Garnets are by far one of my favorite gemstones. I just love the color of them. They’re deep and rich like fine wine and full of romance and mystery.
And the great thing about garnets is the fact that they are an inexpensive stone (which also makes it extremely popular).
Garnet is the official birthstone for the month of January and also the gemstone for the zodiac astral sign Aquarius (Jan. 22 – Feb. 21).
Garnets can even be used as the gem for the heart chakra, which helps ground your emotions.
Garnet is Latin
Garnet is a Latin word meaning pomegranate (which is a plant with bright, red seeds – see picture left). Looking at the seeds make it pretty obvious how garnet got its name.
Garnet is a pretty durable gem. 7.5 on the MOH’s scale of hardness, which means you can wear it all of the time with little fear of chipping or breaking the stone. Garnet’s specific gravity is 4.1 (for all you geeks). That means it actually is denser and heavier than a diamond.
(It also has the same isometric cubic structure as a diamond does… Neat, eh?)
Garnet stands for…
Garnets were used in medieval times as a cure for depression, it was said to give courage, and it also helped protect one against nightmares.
Nowadays, garnet stands for friendship. But some say it also helps purify the blood, enhances circulation, balances our well being and improves our relationships. Some even go so far as to claim that it increases our sex drive (said to be doubled if your birthday is in January).
So as you can see, garnets are all over the board with deep rooted legends and myths dating back to the bible (on the ark with Noah as an illumination stone) and showing up in ancient Egypt to the date of 3100 BC.
Garnets are found just about everywhere in the world. And they should, considering they are made up of a group of silica-based minerals that occur in metamorphic rocks that make up the Earth’s crust.
Main locations for mining garnets are huge and vast: Ural mountains, Scotland, Switzerland, Argentina, Namibia, Mexico, Italy, Czechoslovakia, Zambia, Bekily, Pakistan, Nigeria, Republic of Congo, Korea, Saxony, Hungary, New Zealand, Finland, Zimbabwe, Sri-Lanka, Brazil, Afghanistan, Myanmar, Madagascar, East Africa, Republic of Mali, Tanzania, Australia, India, Bohemia, Kenya, Canada, South Africa (home of the Cape ruby), California, and last but not least, Arizona (which gives us the beautiful Arizona ruby. – The Arizona ruby and the Cape Ruby are garnets with a deep, red hue that looks similar to a ruby).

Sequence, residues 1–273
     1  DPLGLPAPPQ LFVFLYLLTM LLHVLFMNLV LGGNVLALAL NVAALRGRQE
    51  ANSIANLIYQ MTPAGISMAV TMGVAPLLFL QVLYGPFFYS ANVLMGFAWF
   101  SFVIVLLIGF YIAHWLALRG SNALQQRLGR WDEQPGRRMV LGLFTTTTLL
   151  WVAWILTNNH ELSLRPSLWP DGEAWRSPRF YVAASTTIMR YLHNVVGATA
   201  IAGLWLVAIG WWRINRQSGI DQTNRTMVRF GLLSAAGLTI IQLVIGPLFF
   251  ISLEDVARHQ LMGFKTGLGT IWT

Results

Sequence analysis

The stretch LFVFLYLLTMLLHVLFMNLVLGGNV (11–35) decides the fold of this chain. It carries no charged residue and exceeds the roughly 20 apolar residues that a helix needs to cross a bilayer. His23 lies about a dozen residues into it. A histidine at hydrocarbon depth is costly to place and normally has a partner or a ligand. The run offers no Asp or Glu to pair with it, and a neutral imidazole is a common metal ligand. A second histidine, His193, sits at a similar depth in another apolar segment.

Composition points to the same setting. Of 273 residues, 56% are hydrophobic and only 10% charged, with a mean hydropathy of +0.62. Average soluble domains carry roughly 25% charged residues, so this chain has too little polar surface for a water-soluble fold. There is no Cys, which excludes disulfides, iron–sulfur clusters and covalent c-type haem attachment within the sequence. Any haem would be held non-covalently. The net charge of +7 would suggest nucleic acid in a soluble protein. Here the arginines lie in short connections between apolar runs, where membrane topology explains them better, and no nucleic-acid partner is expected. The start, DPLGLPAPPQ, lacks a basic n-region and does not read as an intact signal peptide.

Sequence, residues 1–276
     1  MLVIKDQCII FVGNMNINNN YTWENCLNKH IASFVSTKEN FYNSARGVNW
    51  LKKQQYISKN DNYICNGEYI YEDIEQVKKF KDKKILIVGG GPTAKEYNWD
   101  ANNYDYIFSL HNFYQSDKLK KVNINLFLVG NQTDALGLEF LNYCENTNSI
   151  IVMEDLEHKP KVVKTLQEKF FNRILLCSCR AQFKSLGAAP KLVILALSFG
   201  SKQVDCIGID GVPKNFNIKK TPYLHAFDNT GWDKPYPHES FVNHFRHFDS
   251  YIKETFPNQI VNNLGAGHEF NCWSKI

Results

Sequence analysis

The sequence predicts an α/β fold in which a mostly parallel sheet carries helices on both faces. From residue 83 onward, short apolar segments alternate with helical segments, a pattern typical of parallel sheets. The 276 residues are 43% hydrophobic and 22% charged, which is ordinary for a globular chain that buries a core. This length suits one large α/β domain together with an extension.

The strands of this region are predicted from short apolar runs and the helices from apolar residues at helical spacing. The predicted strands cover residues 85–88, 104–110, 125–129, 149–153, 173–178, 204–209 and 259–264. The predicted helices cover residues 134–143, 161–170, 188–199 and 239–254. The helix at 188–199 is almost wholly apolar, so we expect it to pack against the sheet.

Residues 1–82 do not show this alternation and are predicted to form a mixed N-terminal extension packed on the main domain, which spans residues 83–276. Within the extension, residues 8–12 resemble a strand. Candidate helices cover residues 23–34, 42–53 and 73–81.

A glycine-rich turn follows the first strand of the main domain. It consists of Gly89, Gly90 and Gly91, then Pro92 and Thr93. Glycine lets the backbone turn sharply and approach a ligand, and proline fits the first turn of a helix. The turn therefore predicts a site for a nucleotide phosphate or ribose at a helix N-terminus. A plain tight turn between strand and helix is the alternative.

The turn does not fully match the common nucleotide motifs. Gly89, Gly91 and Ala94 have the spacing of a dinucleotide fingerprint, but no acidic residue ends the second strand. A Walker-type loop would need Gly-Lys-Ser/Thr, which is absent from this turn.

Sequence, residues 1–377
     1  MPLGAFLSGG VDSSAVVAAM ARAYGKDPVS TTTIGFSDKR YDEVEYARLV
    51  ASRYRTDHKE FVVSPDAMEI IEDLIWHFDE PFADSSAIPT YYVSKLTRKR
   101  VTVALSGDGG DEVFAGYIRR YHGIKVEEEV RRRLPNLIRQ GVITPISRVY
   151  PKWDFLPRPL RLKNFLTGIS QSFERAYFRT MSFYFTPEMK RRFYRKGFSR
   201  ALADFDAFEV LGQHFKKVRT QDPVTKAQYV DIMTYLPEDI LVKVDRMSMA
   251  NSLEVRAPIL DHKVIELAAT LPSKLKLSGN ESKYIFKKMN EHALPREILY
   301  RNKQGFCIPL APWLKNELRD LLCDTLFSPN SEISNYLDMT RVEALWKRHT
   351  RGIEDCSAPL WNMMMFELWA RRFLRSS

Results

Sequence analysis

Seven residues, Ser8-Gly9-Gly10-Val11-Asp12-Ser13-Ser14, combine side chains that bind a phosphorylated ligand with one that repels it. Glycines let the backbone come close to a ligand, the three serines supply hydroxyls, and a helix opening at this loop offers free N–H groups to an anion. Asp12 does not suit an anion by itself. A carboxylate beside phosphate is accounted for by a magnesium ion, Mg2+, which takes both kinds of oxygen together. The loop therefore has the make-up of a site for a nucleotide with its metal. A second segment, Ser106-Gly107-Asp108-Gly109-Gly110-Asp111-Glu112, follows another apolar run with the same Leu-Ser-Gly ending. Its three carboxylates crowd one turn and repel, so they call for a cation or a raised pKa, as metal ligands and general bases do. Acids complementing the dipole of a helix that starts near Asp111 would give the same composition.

Garnets come in 6 different varieties. They are:
- Andradite (Demantoid) – Normally found in colors of yellow/orange and black.
- Spessartine – Found in oranges and browns.
- Almandine – Being one of the most popular garnets, almandine comes in shades of reds and purples (also produces a gem called carbuncle or live coal).
- Pyrope – Another popular garnet that comes in purplish and red hues (pyrope is Greek for “fire-eyed”).
- Grossular – This is a great gem that gives us tsavorite. This gemstone is a transparent green gem that was discovered in Tanzania in 1968. Some call this gorgeous gem the “South African Jade”. Grossulars can come in colors of yellow, green, white and pink. Hessonite comes from this rock which is also called the cinnamon stone.
- Uvarovite – Uvarovites are garnets that only come in shades of green. These are very rare, very expensive and impossible to find.
And then there are plenty of mixed combinations of garnets, like rhodolites. Rhodolites are pretty popular in jewelry and gem collectors love them. This stone is a cross between pyrope and almandine and the colors are normally more of a purplish-red.
Garnet even has a variety that is more like purple-violet shades known as “grape garnets”. Beautiful gems, cool colors that even a grape ape would like.
Garnets Change Color
One fascinating thing about garnets that most people do not know, is that some garnets have the ability to color-change. They can change hues just like the alexandrite gemstone does. Garnets (Malaia) can change from shades of blue/green in daylight, to reddish colors in incandescent light.
Do note that these “blue” shades of garnet are only found in this particular color-changing garnet. They are an exception to the rule. Blue is not found in any other variety. Most garnets stick to the standard colors of red, purple, green, yellow, orange, pink and brown.
Garnet Anniversary Gifts
Being an inexpensive gemstone, garnet works perfect for many gift giving occasions besides the normal January’s birthday. Garnet is also the official gemstone to give for the anniversaries of the 2nd, 6th, 15th, 18th, 19th and the 25th anniversary.
So why not give a Garnet?
Most women and men love the look of garnets with their deep, rich, rustic hues… You can’t go wrong with them.
They make the perfect gift!
Now the only mystery left is:
How did Noah get garnet to glow?
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About the Author
Author Richard Scott. Certified Diamontologist and Gemologist. 30 years of experience.
Let Richard help you choose the best diamond, the most dazzling engagement ring, and save as much money as possible. Read more about the author here. Follow Richard on social media; Twitter, Facebook, Pinterest. Contact Richard Scott here.